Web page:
I hate cheating. I love playing a game and having the satisfaction of knowing I won based on skill alone. I will not cheat in order to win, there is no fun in this; I would just walk away feeling a truck load of guilt, fearing a big lightning bolt from above striking my head.
Kalyra and I love to play memory game, or concentration, with animal cards together. This is a great game that helps to teach Kalyra how to think. As a mother and teacher, I aim to set up situations for my daughter that enables her to think and solve problems for herself. I am not a believer in doing things for her just so I can feel needed. If I think she is capable of doing it then she is going to do it.
Of course she is only three and so when we play she has a few of her own little rules she wants to play by. The play-by-the-rules finger in me starts to come out before I realize that perhaps there is something greater here for her to learn than just cheating is not a great thing.
This can be a morality code that can be installed in small doses as she moves through life. Her little self-centred self is probably not going to fully grasp code of ethics just yet.
The more important lesson here is “How is she thinking and learning?”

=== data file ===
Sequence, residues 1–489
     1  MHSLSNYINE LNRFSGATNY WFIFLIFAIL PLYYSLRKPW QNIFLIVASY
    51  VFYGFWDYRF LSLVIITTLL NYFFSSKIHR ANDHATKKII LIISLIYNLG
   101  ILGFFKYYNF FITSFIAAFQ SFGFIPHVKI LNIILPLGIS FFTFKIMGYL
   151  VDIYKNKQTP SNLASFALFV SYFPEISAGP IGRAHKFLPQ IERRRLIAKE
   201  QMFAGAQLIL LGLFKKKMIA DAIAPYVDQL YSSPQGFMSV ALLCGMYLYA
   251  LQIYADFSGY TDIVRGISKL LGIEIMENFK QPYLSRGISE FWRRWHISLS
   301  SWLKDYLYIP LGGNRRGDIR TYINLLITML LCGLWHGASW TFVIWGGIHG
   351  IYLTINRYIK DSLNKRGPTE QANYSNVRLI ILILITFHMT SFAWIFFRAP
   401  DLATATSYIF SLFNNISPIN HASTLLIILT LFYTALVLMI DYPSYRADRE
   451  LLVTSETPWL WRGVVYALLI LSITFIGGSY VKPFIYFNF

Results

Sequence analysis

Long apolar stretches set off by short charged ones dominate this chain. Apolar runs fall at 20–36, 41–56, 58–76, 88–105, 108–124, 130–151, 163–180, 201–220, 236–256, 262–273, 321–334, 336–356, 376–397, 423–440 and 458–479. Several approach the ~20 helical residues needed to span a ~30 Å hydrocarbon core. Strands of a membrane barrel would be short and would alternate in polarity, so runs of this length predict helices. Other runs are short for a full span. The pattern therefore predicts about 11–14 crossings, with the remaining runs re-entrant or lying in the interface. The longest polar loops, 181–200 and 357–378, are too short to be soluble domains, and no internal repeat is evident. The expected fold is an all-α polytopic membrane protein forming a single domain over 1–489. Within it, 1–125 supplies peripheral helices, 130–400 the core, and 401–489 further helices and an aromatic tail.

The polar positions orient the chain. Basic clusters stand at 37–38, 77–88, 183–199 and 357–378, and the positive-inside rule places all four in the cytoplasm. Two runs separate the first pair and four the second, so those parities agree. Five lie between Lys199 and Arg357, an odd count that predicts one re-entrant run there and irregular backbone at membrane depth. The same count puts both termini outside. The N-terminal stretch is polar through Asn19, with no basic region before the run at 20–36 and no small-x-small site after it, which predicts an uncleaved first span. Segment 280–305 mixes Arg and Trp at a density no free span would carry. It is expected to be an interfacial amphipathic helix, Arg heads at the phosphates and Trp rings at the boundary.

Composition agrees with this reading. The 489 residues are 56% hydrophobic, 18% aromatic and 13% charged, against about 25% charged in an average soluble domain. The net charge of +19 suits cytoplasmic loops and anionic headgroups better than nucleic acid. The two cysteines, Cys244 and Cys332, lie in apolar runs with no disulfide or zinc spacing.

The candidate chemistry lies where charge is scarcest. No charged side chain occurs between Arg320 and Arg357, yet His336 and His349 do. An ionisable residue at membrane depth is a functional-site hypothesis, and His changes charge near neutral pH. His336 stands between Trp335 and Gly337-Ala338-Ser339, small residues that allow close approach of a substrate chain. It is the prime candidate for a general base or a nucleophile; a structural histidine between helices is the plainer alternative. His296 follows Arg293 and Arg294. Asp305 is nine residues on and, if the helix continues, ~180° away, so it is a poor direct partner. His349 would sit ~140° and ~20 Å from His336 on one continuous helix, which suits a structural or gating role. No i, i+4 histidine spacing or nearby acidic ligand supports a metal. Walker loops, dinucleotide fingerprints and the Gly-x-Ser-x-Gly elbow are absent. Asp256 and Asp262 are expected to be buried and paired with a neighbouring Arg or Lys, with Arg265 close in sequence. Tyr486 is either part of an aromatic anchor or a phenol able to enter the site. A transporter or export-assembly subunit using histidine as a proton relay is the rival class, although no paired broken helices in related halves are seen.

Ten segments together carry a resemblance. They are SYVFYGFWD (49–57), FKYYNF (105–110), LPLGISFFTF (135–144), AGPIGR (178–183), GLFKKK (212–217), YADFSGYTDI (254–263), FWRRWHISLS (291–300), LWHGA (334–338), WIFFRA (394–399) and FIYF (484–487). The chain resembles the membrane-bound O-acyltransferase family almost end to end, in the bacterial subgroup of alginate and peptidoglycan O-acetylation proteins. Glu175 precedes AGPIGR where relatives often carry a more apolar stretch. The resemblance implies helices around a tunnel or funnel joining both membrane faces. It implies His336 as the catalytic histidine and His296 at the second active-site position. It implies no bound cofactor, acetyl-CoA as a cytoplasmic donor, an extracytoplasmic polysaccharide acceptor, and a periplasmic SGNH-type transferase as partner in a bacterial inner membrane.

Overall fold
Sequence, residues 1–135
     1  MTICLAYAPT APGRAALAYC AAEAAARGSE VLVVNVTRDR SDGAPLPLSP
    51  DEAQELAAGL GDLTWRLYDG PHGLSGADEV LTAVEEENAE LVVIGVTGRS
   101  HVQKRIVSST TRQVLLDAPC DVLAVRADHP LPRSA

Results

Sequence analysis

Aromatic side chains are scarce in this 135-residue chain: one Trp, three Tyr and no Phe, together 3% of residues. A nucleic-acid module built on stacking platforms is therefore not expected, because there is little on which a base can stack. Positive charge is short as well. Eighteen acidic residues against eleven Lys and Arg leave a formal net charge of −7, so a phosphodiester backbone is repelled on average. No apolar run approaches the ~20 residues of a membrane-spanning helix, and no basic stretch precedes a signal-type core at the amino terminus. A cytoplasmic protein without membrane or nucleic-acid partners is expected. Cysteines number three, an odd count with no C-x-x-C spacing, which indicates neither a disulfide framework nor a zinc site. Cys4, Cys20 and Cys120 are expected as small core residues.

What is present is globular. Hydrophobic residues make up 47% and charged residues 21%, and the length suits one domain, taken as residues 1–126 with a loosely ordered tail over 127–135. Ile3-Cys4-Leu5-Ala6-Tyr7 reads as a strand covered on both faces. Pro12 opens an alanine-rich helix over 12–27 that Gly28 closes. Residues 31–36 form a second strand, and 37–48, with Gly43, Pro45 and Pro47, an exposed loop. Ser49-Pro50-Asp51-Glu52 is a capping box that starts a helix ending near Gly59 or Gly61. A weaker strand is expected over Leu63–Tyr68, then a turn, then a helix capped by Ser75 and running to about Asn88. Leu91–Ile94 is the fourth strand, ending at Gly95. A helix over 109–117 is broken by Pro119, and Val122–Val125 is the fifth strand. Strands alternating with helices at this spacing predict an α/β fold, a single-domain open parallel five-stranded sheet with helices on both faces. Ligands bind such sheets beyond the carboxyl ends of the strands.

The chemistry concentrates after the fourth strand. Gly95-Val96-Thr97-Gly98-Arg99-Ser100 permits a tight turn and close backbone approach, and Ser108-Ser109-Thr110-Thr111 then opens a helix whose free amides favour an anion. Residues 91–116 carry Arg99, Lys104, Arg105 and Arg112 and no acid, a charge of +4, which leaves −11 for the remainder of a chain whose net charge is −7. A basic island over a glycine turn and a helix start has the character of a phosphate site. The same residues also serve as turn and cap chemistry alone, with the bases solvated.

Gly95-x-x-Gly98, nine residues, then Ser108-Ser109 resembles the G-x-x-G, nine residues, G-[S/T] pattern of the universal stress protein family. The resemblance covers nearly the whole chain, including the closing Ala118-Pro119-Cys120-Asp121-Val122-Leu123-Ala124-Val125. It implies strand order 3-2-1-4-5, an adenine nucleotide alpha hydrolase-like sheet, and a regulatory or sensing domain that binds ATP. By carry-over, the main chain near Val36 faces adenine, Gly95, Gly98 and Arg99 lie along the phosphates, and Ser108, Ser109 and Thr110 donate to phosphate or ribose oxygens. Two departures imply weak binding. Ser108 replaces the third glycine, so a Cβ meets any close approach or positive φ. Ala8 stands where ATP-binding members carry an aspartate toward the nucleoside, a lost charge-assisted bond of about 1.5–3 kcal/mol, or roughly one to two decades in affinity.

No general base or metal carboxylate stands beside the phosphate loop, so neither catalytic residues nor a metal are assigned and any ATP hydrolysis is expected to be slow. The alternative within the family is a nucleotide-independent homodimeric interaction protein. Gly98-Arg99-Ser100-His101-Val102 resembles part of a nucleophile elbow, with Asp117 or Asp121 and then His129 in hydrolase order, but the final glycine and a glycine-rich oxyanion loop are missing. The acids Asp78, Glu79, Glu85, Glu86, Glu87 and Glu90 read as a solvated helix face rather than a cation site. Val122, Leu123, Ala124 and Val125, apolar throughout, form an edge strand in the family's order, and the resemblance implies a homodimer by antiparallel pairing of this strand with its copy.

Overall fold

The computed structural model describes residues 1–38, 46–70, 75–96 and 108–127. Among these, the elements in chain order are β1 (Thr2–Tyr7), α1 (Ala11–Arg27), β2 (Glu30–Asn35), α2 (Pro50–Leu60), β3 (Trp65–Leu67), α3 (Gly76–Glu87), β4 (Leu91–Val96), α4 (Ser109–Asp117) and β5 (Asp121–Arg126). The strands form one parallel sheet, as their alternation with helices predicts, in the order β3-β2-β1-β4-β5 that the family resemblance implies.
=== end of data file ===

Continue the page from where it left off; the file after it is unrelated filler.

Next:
So before I enforce the rules, I look at what is happening, and I may take a step back and let her go ahead. So of course, a rule is to take it in turns.
But, sometimes during her turn she might uncover two animals that don’t match, yet one of those animals she can remember having a match somewhere else. She forgets that Mummy is meant to go next and shouts,
“I know where the other one is” as she reaches to turn it over.
So I can step in here and say “No, you have had your turn. It’s Mummy’s turn now.”
And with that she loses the opportunity to use the very important memorization part of her brain that is developing as it guides her to the matching pair. And I rob her of that very important feeling of achievement. That positive internal motivation that keeps her wanting to learn more and succeeding more.
“Aren’t you so clever. Look how you remembered where it was. I’ll let you have this one, but remember you have to take turns and that was Mummy’s turn, but I really like the way you were thinking.”
If I continue to install values within her in our everyday life, the play-by-the-rules morality code will shine through when she needs it more later. Right now she needs to develop her self-esteem, her thinking skills and her passion for learning.
Choose your battles right. Always look for the more impactful reward.